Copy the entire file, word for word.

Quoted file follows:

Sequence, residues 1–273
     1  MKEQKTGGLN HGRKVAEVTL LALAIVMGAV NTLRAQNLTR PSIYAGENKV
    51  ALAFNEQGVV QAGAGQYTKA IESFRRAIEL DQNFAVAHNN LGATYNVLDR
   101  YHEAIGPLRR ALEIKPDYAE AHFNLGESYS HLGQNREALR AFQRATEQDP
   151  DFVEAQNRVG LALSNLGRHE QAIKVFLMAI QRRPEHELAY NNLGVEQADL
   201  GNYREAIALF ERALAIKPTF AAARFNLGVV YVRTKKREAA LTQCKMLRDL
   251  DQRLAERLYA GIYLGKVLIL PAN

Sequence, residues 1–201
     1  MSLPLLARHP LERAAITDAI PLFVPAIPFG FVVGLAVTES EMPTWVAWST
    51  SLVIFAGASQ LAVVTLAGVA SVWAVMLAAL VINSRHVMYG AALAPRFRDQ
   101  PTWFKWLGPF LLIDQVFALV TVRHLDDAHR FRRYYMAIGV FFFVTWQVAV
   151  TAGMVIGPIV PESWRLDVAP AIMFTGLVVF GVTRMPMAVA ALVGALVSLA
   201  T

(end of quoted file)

Sequence, residues 1–273
     1  MKEQKTGGLN HGRKVAEVTL LALAIVMGAV NTLRAQNLTR PSIYAGENKV
    51  ALAFNEQGVV QAGAGQYTKA IESFRRAIEL DQNFAVAHNN LGATYNVLDR
   101  YHEAIGPLRR ALEIKPDYAE AHFNLGESYS HLGQNREALR AFQRATEQDP
   151  DFVEAQNRVG LALSNLGRHE QAIKVFLMAI QRRPEHELAY NNLGVEQADL
   201  GNYREAIALF ERALAIKPTF AAARFNLGVV YVRTKKREAA LTQCKMLRDL
   251  DQRLAERLYA GIYLGKVLIL PAN

Sequence, residues 1–201
     1  MSLPLLARHP LERAAITDAI PLFVPAIPFG FVVGLAVTES EMPTWVAWST
    51  SLVIFAGASQ LAVVTLAGVA SVWAVMLAAL VINSRHVMYG AALAPRFRDQ
   101  PTWFKWLGPF LLIDQVFALV TVRHLDDAHR FRRYYMAIGV FFFVTWQVAV
   151  TAGMVIGPIV PESWRLDVAP AIMFTGLVVF GVTRMPMAVA ALVGALVSLA
   201  T